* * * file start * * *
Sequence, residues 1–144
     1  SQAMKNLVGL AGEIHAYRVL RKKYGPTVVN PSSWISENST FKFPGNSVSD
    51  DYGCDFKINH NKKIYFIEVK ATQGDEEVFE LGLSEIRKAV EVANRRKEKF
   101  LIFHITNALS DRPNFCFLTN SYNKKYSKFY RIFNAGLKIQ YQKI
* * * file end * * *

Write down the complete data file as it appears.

Sequence, residues 1–144
     1  SQAMKNLVGL AGEIHAYRVL RKKYGPTVVN PSSWISENST FKFPGNSVSD
    51  DYGCDFKINH NKKIYFIEVK ATQGDEEVFE LGLSEIRKAV EVANRRKEKF
   101  LIFHITNALS DRPNFCFLTN SYNKKYSKFY RIFNAGLKIQ YQKI